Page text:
JEFFERSON — When First United Methodist Church of Jefferson arrived, it was the only structure in the immediate area.
Now, more than 160 years later, it is surrounded by historic homes and property owners who say that additional structures on the church’s property could adversely affect their quality of life.
Church officials say that an expansion is necessary to accommodate their growing congregation and have submitted a request to the Jefferson-Talmo Planning Commission seeking approval to have a parcel of the church’s property rezoned to Office-Institutional District. The rezoning would allow the church to expand its parking options, and increase structures to accommodate more church activities.
"This request will help provide badly needed parking — at the present time, we are functioning with parking that was designed for a congregation that primarily walked to church," Tim Cornelison, church member and building committee representative, said during a planning meeting.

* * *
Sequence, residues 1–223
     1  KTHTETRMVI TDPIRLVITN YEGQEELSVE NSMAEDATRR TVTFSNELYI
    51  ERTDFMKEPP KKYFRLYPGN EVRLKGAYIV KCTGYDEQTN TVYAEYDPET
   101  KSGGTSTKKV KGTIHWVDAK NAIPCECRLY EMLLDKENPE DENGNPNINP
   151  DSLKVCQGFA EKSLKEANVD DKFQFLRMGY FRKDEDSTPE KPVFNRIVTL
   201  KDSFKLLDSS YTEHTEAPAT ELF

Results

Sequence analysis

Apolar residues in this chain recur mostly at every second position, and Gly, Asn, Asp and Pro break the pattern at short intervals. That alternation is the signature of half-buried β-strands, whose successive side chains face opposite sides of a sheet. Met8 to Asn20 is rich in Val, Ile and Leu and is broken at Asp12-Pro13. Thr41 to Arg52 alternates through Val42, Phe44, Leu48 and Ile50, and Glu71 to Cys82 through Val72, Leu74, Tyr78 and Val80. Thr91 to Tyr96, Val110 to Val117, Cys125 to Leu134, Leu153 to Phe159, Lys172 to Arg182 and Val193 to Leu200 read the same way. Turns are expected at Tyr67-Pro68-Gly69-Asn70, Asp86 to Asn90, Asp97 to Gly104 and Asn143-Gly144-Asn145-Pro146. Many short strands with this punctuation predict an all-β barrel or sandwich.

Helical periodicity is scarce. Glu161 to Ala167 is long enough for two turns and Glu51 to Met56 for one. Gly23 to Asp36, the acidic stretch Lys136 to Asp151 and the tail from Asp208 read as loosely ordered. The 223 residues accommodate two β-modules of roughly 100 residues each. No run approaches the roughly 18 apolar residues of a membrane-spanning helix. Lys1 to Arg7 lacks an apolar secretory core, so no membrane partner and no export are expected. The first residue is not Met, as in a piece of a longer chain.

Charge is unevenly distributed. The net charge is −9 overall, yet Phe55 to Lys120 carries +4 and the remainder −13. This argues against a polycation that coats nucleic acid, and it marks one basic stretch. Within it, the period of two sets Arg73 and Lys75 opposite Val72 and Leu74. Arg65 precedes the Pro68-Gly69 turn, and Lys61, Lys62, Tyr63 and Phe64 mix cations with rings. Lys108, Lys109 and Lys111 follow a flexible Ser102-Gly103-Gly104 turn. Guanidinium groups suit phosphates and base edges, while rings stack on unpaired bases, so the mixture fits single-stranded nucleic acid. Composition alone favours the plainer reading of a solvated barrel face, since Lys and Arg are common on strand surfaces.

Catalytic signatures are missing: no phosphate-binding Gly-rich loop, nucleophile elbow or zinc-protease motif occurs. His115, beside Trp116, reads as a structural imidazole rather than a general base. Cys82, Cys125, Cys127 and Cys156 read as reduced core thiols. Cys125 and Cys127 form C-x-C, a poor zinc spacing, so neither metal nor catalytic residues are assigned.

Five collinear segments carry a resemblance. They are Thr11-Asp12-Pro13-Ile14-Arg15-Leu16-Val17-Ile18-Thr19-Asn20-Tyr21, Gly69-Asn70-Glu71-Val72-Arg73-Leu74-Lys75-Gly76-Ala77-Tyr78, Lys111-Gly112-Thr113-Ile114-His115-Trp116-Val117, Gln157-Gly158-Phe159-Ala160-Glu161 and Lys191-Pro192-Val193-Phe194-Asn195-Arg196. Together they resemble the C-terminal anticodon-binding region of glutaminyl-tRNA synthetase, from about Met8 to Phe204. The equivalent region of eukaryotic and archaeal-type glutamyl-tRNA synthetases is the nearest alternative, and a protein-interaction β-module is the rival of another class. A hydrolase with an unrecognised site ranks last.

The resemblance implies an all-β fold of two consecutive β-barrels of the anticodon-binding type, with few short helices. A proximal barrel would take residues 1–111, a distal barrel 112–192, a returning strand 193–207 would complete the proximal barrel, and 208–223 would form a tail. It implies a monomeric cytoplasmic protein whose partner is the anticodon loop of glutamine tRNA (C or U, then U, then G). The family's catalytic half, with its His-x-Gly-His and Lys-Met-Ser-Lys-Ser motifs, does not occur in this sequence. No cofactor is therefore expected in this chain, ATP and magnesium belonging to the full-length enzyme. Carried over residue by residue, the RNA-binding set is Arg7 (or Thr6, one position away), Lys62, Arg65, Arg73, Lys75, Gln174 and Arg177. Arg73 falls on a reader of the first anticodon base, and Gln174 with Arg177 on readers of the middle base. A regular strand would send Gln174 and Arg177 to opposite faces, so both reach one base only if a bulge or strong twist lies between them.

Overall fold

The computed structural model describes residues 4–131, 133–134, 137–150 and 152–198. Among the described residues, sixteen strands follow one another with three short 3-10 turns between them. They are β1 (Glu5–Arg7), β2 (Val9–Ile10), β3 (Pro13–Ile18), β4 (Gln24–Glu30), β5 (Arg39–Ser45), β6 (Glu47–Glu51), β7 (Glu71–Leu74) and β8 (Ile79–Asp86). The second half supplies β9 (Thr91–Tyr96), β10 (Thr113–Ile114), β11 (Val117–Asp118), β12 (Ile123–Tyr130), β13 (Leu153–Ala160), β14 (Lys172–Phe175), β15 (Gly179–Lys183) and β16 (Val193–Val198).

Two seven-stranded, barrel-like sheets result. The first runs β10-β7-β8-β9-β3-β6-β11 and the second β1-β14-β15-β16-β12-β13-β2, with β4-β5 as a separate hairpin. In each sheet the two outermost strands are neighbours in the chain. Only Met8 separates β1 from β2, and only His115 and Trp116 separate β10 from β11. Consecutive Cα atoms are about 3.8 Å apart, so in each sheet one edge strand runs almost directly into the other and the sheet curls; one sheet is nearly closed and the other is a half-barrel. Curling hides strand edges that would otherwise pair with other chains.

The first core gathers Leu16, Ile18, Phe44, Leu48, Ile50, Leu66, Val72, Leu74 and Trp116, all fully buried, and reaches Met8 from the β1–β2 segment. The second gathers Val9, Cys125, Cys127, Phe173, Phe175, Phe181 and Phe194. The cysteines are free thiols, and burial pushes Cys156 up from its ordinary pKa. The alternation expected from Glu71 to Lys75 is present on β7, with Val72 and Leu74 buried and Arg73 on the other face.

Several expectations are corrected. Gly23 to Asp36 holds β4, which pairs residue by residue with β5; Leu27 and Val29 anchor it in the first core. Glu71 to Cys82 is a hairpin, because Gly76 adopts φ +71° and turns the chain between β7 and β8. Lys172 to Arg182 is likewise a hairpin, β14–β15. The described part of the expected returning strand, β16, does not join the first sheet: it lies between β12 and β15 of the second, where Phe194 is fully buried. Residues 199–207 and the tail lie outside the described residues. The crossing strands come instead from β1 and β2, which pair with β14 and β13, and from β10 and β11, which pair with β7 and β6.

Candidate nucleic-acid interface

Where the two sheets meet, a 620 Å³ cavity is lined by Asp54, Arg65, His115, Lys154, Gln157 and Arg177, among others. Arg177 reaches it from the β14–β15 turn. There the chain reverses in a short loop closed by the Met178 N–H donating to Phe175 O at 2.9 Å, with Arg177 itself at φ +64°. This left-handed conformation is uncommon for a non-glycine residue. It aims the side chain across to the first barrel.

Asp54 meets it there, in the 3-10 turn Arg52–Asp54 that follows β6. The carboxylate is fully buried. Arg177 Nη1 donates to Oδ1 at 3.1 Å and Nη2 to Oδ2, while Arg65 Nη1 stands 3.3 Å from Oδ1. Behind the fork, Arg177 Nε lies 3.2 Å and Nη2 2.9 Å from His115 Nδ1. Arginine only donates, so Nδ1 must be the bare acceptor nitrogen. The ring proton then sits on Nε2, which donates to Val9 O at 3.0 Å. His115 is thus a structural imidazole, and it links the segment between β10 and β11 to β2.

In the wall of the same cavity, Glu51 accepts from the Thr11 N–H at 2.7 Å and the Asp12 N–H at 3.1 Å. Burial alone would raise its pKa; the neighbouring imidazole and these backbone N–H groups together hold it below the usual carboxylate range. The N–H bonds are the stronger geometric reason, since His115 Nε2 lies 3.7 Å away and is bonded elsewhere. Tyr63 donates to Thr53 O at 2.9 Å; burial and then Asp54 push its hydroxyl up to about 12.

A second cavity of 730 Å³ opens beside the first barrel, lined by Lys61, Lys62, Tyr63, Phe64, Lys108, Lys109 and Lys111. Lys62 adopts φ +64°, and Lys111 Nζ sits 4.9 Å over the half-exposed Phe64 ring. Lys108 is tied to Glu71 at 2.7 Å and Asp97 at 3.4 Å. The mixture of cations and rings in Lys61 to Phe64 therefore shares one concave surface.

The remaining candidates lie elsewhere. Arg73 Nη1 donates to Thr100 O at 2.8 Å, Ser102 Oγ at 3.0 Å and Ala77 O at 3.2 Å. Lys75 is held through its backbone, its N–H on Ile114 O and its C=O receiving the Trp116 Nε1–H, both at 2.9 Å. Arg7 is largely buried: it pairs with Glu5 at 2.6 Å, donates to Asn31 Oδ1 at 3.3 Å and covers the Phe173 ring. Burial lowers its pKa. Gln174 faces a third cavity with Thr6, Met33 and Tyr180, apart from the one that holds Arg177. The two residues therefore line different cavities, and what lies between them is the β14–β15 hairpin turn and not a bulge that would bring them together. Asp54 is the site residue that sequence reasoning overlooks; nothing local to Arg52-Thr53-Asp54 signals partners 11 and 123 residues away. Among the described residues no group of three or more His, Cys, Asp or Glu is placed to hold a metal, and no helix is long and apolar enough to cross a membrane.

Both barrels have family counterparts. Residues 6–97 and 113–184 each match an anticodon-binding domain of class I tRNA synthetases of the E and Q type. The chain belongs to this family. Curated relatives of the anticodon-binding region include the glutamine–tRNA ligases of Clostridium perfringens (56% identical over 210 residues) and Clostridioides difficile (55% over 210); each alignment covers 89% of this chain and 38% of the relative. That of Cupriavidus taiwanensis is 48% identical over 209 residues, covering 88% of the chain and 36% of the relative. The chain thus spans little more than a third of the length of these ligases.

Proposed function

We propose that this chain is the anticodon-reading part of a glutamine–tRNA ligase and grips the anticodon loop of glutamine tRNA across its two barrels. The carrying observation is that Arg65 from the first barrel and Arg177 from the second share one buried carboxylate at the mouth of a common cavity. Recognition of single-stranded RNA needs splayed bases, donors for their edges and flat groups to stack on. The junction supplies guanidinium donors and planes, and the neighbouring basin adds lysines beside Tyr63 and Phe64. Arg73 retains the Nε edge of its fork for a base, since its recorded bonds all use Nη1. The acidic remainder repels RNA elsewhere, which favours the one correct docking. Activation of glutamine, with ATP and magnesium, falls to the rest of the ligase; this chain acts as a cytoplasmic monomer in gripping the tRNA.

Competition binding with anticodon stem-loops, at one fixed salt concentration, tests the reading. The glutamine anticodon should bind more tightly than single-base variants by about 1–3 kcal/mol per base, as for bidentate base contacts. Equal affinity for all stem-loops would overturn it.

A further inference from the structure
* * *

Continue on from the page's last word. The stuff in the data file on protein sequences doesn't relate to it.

The construction that is associated with the rezoning request would be completed in three phases and would add a parking lot that could accommodate up to 225 vehicles. The church now has fewer than 70 actual parking spaces, Cornelison says.
Residents in the historic district surrounding the church say that any expansion at the church’s current site would work against its plans to ease traffic congestion in the area.
"I don’t know how 225 parking spaces can lessen traffic impact on the neighborhood’s narrow streets," said Rob Huestis, an attorney representing several residents, including Chuck and Kathy DuBose. "I think this rezoning application will destroy the unique historic character of this neighborhood if it is approved."
Although the planning commission recommended that the rezoning application be approved — with several conditions — the Jefferson City Council has to give final approval before any further action can be taken by the church. The council is expected to take up the issue during its work session in December.
Jefferson resident Mark Day, who has a court-approved easement on the property where the church’s proposed parking lot would be placed, says he plans to fight the rezoning request being approved.
"I believe the (church’s) plans are beautiful, but not for my front yard," said Day.
"And this would literally be my front yard."